1954’s The Stars Are Ours is, sadly, one of Norton’s minor efforts. Because I read this for the SFBC a decade ago I knew that going in but while this novel is something I am reading for completion’s sake, it does have its interesting elements1
In the world of this novel, science remained in thrall to nationalism, proceeding from fission bombs all the way to null bombs and, of course, their use. Following the death of the majority of humanity and the establishment of Pax, a fanatically anti-science autocracy, the Earth sank towards a long dark age. Only a handful of Scientists remained and they lived their lives as hunted prey.
Dard Nordis and his young niece Dessie know little of Science. Crippled older brother Lars is a different story. He is the sort of researcher who could come up with ground-breaking new technology despite the notable limitations of living as a dirt-farmer in the ruined farmhouse to which the trio fled after an anti-science purge. Lars laboured for years on one particular task; as the book opens, he has finally succeeded.
Although they have lived in the tumble-down farmhouse for years, locals still see the Nordises as strangers. This is a dystopia where strangers are enemies. Coveting the land the Nordises live on, malevolent farmer Folley calls in the dreaded Peacemen. Dard and Dessie manage to survive the carnage but both Lars and Folley (and a number of unnamed Peacemen) die in the struggle.
With the help of Folley’s stepdaughter Lotta, who loathes Folley for various good and sufficient reasons, Dard and Dessie flee the region, hoping to find refuge with the Cleft Dwellers, the last remaining community of Scientists. They take with them their ticket into that august society, the final product of Lars’ research.
Joining the Cleft Dwellers provides only a momentary respite from the Peacemen. Pax has pacified most of the Earth and now can focus their full attention on finding and killing the last of the Scientists. Rather than wait for inevitable death, the Cleft Dwellers instead opt for a bold plan, one that Lars’ work has made possible: a three-hundred-year voyage through space on the starship Ad Astra to an alien world where humans may live free once more!
There is one major problem: this is a world without ubiquitous computing devices. The only machine that can crunch the necessary space navigation numbers is the Voice, a powerful mechanical brain hidden within a secure Pax facility. Pax certainly won’t give Scientists access to the Voice. Not knowingly, at least. Cue Mission Impossible theme song.
Even if the Cliff Dwellers’ covert infiltration mission is successful, not everyone can fit into the small starship, not even if most of them are hibernating. The handful who do escape the Earth face centuries of danger in space, trusting their lives to a cold sleep technology that is new and untried. At the end of the voyage they will face a strange and alien world, a world whose dangers are entirely unknown.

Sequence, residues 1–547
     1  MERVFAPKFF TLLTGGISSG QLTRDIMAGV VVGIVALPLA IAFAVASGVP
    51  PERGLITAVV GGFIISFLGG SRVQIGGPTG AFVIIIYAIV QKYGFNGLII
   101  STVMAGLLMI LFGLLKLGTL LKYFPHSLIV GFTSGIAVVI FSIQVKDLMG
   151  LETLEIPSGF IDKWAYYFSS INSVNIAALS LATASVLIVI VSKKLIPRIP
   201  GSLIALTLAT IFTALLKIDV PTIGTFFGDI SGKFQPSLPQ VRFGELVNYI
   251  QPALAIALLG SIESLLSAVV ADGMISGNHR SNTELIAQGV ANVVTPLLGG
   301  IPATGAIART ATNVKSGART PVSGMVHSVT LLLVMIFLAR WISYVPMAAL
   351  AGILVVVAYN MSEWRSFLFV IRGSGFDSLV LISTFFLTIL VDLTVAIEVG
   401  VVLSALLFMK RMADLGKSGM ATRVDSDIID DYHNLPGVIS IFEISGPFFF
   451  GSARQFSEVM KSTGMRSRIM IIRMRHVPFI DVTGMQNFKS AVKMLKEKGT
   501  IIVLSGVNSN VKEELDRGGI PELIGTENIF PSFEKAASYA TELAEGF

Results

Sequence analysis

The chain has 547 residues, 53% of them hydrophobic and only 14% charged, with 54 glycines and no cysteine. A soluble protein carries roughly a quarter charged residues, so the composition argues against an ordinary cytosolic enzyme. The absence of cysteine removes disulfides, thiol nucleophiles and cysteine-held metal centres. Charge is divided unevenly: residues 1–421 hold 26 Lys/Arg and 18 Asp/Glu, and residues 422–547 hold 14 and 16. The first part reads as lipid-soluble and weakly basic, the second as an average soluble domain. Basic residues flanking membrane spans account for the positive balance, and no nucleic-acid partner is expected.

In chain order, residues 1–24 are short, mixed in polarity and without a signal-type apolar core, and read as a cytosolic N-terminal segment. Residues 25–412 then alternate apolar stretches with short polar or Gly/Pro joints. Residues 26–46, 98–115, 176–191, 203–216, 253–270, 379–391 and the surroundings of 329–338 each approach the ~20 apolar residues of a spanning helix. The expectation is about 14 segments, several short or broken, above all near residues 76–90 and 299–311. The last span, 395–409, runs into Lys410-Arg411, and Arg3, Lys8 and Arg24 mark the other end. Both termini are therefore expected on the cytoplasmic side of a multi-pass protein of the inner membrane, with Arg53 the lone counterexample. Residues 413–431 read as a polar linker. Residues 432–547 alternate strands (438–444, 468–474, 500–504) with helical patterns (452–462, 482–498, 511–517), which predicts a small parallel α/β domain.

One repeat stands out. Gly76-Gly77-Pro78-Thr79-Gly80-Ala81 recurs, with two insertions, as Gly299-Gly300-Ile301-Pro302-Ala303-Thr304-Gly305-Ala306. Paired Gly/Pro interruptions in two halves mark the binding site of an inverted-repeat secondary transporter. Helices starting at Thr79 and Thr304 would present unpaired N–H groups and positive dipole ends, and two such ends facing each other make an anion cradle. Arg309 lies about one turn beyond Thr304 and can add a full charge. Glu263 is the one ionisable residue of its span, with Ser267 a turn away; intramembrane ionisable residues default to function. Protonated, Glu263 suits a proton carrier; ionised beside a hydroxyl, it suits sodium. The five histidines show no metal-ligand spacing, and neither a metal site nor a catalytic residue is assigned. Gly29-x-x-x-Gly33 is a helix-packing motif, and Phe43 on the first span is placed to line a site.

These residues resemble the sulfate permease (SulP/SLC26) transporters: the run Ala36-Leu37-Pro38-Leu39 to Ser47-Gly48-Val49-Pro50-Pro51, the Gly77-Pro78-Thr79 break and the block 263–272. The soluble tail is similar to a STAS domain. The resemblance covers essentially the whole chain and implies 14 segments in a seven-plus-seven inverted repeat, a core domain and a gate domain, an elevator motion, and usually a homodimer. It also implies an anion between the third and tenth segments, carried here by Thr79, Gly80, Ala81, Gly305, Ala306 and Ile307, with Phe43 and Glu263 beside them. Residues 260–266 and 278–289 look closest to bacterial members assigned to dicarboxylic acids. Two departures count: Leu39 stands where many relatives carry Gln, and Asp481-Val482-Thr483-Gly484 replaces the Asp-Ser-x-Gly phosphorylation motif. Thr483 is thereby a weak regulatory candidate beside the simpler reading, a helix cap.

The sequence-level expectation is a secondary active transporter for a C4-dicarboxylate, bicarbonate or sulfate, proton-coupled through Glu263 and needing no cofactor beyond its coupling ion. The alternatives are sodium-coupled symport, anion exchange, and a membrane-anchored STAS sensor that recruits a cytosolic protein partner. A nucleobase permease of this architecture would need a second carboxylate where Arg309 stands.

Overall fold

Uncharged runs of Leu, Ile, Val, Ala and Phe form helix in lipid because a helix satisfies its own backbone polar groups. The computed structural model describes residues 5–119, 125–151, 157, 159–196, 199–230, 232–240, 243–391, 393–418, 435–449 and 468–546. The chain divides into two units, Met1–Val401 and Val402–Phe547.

They reach their destination!
Dard and his companions soon discover their new home has its own long history, one whose abundant, half-melted ruins hint at an atomic cataclysm as terrible as the Earth’s. A cataclysm whose dreadful architects may not be entirely extinct.…
Although the plot really doesn’t stand up to close examination, and the book begins with great huge infodump, there are some nice Nortonesque flourishes in this book. The first is Lotta Folley, whom Dard dismisses as clearly inferior. The Scientists, even Scientists like Dard who are only counted as such thanks to their ancestry, seem to mirror the prejudices of the rabble. In this case, Dard’s contempt is misplaced. If not for Lotta’s quick thinking and willingness to risk herself for the survivors of the raid, all three Nordises might have died, not just Lars.
Lotta is also notable because she’s a woman in an early Norton who actually gets to have her own little agenda. She’s not on stage for long but she gets a lot accomplished in that short appearance.
The Ad Astra seems to have had pretty bad luck: it fled from a world that had suffered a self-inflicted apocalypse to a different world that had also suffered a self-inflicted apocalypse. The nature of the standard Norton universe makes this more likely than it might otherwise appear. While advanced civilizations are not uncommon in Norton’s books, these advanced cultures are usually short-lived; advanced technology brings with it the ability to burn the life from worlds but does not seem to inspire any corresponding self-control. Galactic history has a lot of churn, as cultures rise and fall and vanish entirely.
There is a sequel to this work, Star Born. I will be getting to it in six weeks2. Both The Stars Are Ours! and Star Born are available in omnibus form from Baen Books in a variety of formats.
1: Not least of which is the dedication to a young Harlan Ellison, who might not have sold his first story when Norton wrote the dedication. How odd to think someone like Norton thought kindly of him.
2: I decided to read the Nortons in strict publication order because I don’t care for all of her series and this way I don’t have to look forward to weeks or months set in one of her worlds that I happen to dislike.